The pasta was boiling over. The dog was barking. Two kids needed help with homework. Another kid needed his butt wiped because “I fink I’m making a big mess, Mom!” The oven was beeping. Something – or someone – went *ker-lunk* and then *CRASH* in the other room. And fourteen of my children were crying.
Yeah, yeah; so I technically only have five children. But you know those moments when it feels like you have 47? It was that moment, just before dinner, when everyone had low blood sugar and Mt. Everest irritability. That crash from the other room? It was my family falling apart. I needed some lightening fast solutions.
“Hey, Ian!” I snapped at my 12-year-old. “I need some big kid help. STAT!”
Ian’s a go-to kid when it comes to helping out a frazzled mama. I mean, don’t ask him to unload the dishwasher just to help out; that’s a crap job, and he knows it. (I make him do it anyway because I enjoy the torturing of children. BWAHahahaha!) But my Ian Boy is always willing to roll up his shirt-sleeves when someone really needs him, and he knew immediately it that kind of night.
“OK, Mom,” Ian said, nodding seriously. “I’ll help. What do you need, Mom?”
Except, of course, Ian’s not so much into articulation or, you know, speech, as he is into rapid-fire disaster response, so it came out more like, “OK, ma’am. I hape. Wut you need, ma’am?” I love it when Ian’s “mom” sounds like “ma’am.” It’s like he’s a police negotiator trying to talk me down off a ledge. But I’ve been listening to this kid try make word-sounds for a long time, so I knew exactly what he meant, and it sounded to me just like angels singing.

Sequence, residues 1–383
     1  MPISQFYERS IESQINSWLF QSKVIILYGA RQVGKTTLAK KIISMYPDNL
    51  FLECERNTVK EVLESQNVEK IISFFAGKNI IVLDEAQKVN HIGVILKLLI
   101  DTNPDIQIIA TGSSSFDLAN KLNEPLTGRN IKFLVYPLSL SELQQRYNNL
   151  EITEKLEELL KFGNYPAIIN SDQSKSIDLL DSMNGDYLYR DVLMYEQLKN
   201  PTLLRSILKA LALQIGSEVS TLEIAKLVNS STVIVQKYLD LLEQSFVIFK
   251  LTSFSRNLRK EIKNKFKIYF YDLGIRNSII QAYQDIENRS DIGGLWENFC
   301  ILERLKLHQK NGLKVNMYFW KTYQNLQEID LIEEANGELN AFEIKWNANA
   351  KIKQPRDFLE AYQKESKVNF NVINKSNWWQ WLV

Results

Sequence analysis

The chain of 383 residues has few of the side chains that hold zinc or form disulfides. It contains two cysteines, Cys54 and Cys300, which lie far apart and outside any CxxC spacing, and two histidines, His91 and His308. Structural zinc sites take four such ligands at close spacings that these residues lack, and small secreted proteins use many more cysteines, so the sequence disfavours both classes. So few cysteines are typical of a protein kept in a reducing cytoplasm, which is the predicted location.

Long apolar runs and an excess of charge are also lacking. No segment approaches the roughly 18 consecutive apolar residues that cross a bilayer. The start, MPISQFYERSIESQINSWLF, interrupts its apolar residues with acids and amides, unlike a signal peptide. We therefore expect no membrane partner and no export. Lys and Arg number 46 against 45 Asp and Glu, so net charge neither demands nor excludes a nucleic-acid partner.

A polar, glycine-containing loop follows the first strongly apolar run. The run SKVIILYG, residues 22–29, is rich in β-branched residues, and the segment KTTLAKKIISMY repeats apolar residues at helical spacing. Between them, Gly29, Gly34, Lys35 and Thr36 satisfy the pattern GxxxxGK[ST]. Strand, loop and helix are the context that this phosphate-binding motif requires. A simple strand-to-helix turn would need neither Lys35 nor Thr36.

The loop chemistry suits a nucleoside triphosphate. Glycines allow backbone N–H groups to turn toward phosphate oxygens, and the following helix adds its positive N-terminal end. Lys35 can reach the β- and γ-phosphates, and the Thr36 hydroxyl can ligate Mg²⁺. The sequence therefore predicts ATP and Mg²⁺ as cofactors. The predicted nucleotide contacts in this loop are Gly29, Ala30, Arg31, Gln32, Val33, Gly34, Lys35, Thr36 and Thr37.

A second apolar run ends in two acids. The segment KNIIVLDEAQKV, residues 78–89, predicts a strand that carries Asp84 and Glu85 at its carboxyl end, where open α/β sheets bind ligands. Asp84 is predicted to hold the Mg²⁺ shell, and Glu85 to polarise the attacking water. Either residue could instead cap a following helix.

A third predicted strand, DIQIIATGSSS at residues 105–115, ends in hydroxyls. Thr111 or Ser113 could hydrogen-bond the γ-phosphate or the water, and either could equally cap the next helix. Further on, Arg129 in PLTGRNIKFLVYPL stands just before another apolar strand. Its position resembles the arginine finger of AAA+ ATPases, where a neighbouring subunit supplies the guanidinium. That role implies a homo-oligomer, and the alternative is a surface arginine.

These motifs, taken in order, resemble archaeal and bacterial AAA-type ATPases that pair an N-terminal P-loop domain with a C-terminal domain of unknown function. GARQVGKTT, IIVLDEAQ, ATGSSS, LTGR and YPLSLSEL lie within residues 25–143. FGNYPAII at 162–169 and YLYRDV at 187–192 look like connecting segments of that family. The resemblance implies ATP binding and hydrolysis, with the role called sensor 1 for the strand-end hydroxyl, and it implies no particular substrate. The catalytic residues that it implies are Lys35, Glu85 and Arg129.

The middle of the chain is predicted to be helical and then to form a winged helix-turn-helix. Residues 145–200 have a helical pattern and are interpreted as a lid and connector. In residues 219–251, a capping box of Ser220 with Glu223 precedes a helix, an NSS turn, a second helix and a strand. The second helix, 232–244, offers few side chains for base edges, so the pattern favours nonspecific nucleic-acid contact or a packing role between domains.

“Protein, Ian,” I answered. “That’s what this family needs. Do you think you can get your brothers some lunch meat so they don’t start chewing on the dog?”
“Don’t eat the dog, ma’am. That’s gross.”
“OK, Ian. No one will eat the dog.”
Ian nodded again with furrowed brow. “Thanks, ma’am.” And he set to work.
As Ian went to the fridge to get the lunch meat, I headed off to rescue the pasta and to pretend I know enough about 4th and 8th grade schoolwork to help my girls.
And the next time I turned around, Ian was doing exactly what I asked.
He was feeding the little ones lunch meat.
Like they were dogs.
“Sit,” Ian commanded. Their hineys hit the ground.
“Beg,” Ian ordered. They scrambled to their knees, hands held limply at their chests, and they begged.
“Good puppies!” Ian praised enthusiastically as he tossed bits of meat upon our filthy floor where they leaped upon it and lapped it up, using only their mouths. I threw up a little bit in mine.
Ian turned to me with a twinkle in his eyes.
“They good puppies, ma’am!”
The children turned to me gleefully, meat dangling from their happy lips, awaiting my praise and their next instruction.
Now, when I asked my 12-year-old son to help a mama out by giving his preschool brothers a quick protein hit, I envisioned plates, a table, and a couple of napkins. I’m not sure which part of “12-year-old boy-child” I didn’t understand, but never let it be said that I don’t know when to just let it go.
“Nice work, boys… I mean, puppies. Carry on, dudes. Carry on.”
To review, when I call my preschoolers to sit politely and quietly at the dinner table, they look at me like this:
And then, instead of eating, they do this:
Whereas, when Ian feeds his preschool brothers, they look at him like this:
And then they do this:
Re-evaluating my parenting methods again,